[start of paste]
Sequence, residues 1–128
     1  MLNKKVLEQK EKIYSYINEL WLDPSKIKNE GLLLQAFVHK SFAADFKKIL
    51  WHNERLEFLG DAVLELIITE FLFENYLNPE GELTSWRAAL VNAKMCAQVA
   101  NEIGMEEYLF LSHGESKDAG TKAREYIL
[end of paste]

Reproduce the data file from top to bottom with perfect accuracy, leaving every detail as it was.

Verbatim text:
Sequence, residues 1–128
     1  MLNKKVLEQK EKIYSYINEL WLDPSKIKNE GLLLQAFVHK SFAADFKKIL
    51  WHNERLEFLG DAVLELIITE FLFENYLNPE GELTSWRAAL VNAKMCAQVA
   101  NEIGMEEYLF LSHGESKDAG TKAREYIL